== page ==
the day long, whether rain or shine,
She's a part of the assembly line.
She's making history, working for victory,
Rosie the Riveter.
Keeps a sharp lookout for sabotage,
Sitting up there on the fuselage.
That little frail can do more than a male can do.
Rosie's got a boyfriend, Charlie.
Charlie, he's a Marine.
Rosie is protecting Charlie,
Working overtime on the riveting machine.
Is this what liberation looks like?
These days she's her own icon. A minor American Goddess for a major American Century, emblazoned on posters, key-rings, T-shirts, badges and other spaces dedicated to devotional display. Fridges, for example. She's a feminist icon too, at least for a particular strand of feminism.
"We Can Do It!" she proclaims boldly, displaying the muscular strength in her good right arm. Her stare is level: the arc of plucked eyebrows, the mascara artfully-thick on those lashes, the red luciousness of her lipstick diminishes the seriousness of her gaze not one little iota. "We Can Do It!" Jaunty but nevertheless determined in the polka-dotted headscarf covering her hair.
Rosie is feisty and
feminine. Strong and
(hetero)sexy. Binaries fall before her gaze like so much wool from the shears, like scales from the eyes. Hence her divinity, hence her iconography.
But who are the "We"? And what is the "It" that "We" can do?
And just what was the history that Rosie was making?
Like all goddesses, Rosie predates herself. At least some of her foremothers lie over the Pond, entangled in the tall tale of 'How The Vote Was Won.' When World War I broke out the Pankhursts, 'First Family' of U.K. feminism fractured: Emmeline and Christabel Pankhurst suspended hostilities, ceased calling for suffage and urged women to enter the munitions factories. Which many did: it was good pay and what pay wouldn't do, loyalty to Empire would.
But my affections lie with Emmeline's awkward and contrarian daughter Sylvia, who was having none of it. A pacifist, expelled by her family from the Women's Social and Political Union in 1914; she later got chucked out of the Communist Party of Great Britain for good measure. She endured forced feeding, was imprisoned for sedition and argued with Lenin. Her life began in Manchester and ended in Ethiopia: she was an emigrant. She never did master the art of going along to get along. Anything that could be done an easy way, she inevitably found the hard way. Stubborn and obdurate. People like that should be loved (though they seldom are) for their lack of expediency and their mulish honesty. Their beliefs might shift with time, but their truthfulness does not.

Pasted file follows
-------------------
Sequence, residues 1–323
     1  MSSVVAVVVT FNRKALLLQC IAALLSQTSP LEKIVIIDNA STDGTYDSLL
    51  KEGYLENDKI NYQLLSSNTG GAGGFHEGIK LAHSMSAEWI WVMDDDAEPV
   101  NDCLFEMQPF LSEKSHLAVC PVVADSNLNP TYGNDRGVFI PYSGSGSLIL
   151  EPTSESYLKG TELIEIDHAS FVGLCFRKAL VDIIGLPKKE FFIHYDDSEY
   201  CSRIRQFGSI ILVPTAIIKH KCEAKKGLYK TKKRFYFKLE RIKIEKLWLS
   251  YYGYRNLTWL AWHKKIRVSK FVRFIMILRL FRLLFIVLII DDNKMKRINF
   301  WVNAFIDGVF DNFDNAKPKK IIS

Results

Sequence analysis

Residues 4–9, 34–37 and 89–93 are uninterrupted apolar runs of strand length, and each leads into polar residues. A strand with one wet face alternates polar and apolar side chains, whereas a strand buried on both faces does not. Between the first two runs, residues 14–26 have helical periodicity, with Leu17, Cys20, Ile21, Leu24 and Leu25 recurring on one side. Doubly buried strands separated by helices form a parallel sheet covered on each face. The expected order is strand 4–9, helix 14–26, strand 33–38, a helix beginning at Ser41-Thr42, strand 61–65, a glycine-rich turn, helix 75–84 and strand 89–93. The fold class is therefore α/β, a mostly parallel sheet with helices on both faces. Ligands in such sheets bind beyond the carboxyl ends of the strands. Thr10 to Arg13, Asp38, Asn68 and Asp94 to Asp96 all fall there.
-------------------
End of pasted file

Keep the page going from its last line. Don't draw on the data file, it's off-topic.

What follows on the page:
Rosie had her forerunners: they built the shells with which much of World War I was fought and in their day they too were seen as 'liberated.' Breaking new ground. Proving themselves worthy. New Women, not like those Old Women. According to the Official Historical Narrative, their willingness to be militarised was rewarded with the Vote. But isn't that the way with new godesses? Don't they always eat the memory of their mothers? How else could they be so brand-spanking-shiny new? So iconic, so stripped of the messiness of life. And contrarian Sylvia? Relegated to the margins, to the footnotes: she too is history. Perhaps there are worse fates -- at least on the sidelines one is less likely to be chomped upon.
Who are the 'We'? And what is the 'It' that 'we' do?
'We' are the women who consent to be militarised believing that militarisation leads to liberation. 'We' believe that consenting to militarisation will give us the power to protect those whom we love; that it is a means by which women will finally be treated as men's equals; that it is a means to economic freedom; that it is a means of political equality; that it is how 'we' women can gain the respect which 'we' have for so long wanted. And because 'we' have hungered for respect, because 'we' have hungered for liberation, 'we' grasp the proffered militarising hand that promises those things without asking too many awkward questions.
This is an old delusion; a long-standing hysteria.
As for the 'It?' Well, it's not just riveting any more: it never was. We nurse. We weld. We manufacture. We crack codes. We buy war bonds. We invest. We sell arms. We go out and buy, buy, buy to keep confidence high. We enlist. We fly planes. We cook. We shoot guns. We break down barriers. We challenge sexism. We're strong and (hetero)sexy, just like Rosie. We do what we're asked. We do what we're told. We even tell people how we could do it better given half a chance. And we believe that this will be our independence, our liberation, that this time, proving that 'We Can Do It!' will make us free. And above all we believe that this is feminism and that we are feminists. Look at Rosie -- how feisty she is, how feminine: is she not the image of feminism? Isn't she divine!
Looking for power in the wrong places.
61 years ago today, the U.S dropped an atomic bomb on Hiroshima. It was dropped from a B-29 built at the Martin Bomber Plant in Omaha, Nebraska. 40% of the workers there were women: most likely Rosie riveted bits of that plane together. That bomb (I was about to say Hiroshima, but the city was not the bomb despite the way in which they have become synonymous with each other) still claims about 5000 lives a year: about half of those are presumably women and the other half are those whom some woman, somewhere, loved, whether as mother, sister, wife, lover, daughter, niece or last but not least, friend. Three days later, they dropped another bomb on Nagasaki. And Rosie's rivets held again.
So. What does Rosie have to say to those women's corpses and the corpses of those whom they loved? What does "We Can Do It!" mean to them?
Is this what liberation looks like?